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'That is not the game': Ex-Bok coach de Villiers calls out Erasmus' one-sided approach

By Sam Smith
(Photo by Carl Fourie/Gallo Images/Getty Images)

Former Springboks head coach Peter de Villiers has shared his views on the Rassie Erasmus saga which he believes has taken the game out of context.

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De Villiers, who coach South Africa from 2008 to 2011, joined The Rugby Pod to discuss a range of topics including the reaction in South Africa to Erasmus and his approach on social media.

The 65-year-old questioned why Erasmus’ highlighted calls that only went against South Africa, as opposed to showing both ways to make a point about inconsistencies.

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He believed that this was doing a disservice to the game which has always had missed calls with the speed at which decisions have to be made.

“That is not the game. The game is made out of milliseconds, quick decisions for players and for referees,” he told The Rugby Pod.

“There are things that you miss, but you don’t even know that you missed it until you step back and think, ‘I could have stepped there’ because the guy has over-tread.

“If you sit there and spend 15, 16, 25 hours watching the match over and over you’ll pick up so many bad things… but what my take on this whole thing is, why didn’t he put out the bad things that the Springboks were allowed to do?

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“Then to me, that would have been a just call.

“Because then he wants to show how bad the referee is on all his judgement calls.

“But whenever we lose, to go and sit there and show what he missed here and what he missed there… he [Erasmus] had the time to replay, and replay and then made the videos. This not what our game is all about.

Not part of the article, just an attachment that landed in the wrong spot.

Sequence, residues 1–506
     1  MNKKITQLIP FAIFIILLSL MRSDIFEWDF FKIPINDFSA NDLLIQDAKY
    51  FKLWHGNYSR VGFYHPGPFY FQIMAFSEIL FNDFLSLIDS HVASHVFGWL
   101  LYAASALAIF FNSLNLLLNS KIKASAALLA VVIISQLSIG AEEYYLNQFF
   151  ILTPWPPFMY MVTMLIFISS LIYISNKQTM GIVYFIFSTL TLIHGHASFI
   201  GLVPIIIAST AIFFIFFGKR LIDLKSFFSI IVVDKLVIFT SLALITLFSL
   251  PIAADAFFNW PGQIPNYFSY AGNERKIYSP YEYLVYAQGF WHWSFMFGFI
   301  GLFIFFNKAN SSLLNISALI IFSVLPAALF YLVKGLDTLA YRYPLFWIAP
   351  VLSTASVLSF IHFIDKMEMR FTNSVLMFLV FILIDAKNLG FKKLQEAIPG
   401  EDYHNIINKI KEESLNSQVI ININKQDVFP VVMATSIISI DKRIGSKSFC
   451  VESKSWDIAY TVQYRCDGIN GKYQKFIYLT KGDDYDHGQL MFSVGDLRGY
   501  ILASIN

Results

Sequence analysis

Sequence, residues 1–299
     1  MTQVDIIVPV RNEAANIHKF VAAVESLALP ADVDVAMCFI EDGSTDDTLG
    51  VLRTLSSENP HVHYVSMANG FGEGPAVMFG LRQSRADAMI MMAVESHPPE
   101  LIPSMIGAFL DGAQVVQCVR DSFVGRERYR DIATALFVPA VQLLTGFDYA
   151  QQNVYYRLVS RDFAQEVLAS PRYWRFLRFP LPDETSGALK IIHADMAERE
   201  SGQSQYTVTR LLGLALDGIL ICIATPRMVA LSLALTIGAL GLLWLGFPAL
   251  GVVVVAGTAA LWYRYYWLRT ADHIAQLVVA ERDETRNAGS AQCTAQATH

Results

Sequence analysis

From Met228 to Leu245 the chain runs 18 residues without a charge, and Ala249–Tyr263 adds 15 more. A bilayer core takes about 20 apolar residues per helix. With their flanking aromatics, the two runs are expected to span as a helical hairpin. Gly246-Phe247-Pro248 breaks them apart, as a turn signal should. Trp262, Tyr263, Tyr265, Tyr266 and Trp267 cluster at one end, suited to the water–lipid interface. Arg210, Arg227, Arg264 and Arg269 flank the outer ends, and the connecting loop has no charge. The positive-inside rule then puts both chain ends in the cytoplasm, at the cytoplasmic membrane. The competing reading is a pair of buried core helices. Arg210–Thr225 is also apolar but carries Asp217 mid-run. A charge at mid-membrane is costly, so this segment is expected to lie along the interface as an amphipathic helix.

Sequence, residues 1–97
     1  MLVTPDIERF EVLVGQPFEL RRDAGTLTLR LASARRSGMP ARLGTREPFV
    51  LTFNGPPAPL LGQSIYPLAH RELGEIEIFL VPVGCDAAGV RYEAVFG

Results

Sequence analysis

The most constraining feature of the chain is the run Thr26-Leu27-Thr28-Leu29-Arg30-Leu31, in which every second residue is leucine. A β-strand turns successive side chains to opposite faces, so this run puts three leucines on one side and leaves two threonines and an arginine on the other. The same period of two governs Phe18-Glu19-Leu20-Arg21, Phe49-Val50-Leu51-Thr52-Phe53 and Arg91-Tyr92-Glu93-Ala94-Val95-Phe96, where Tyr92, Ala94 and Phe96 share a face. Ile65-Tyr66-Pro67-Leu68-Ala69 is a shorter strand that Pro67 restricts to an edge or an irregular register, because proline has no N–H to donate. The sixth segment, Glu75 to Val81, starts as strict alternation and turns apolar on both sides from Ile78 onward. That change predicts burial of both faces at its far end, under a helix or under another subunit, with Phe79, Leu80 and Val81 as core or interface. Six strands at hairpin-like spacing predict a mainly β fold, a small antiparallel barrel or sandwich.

“The game has become so soft nowadays and with this little thing, I don’t think that we want to be exposed so much of our weaknesses. I do things wrong, you do things wrong.”

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“If you sit and watch a game and think about what you could’ve done, but didn’t, you’ll be messing up our lovely game.”

When asked about how South Africa has reacted to the incident, De Villiers was critical over how it has been portrayed, calling the media ‘numb’ who don’t understand the game.

“It [the sentiment] is very indifferent here in this country… if you look at our media, they went numb on this whole thing,” De Villiers explained.

“And I’m not surprised because they actually don’t understand what this game is made of truly.

“What you see on that field in 80 minutes is only five percent, you know this Jim, you know this Andy, of what the guys put in to become what you were.”

“For SA Rugby, to not pull him back into line and to tell him what they actually want as a team… the values around the game, the norms and those kind of things.

“So yes, there are a lot of individuals, a lot of ex-Springboks who [are] not very happy with him. But let’s see when he comes back… because in this country, right has become wrong and wrong has become right.”

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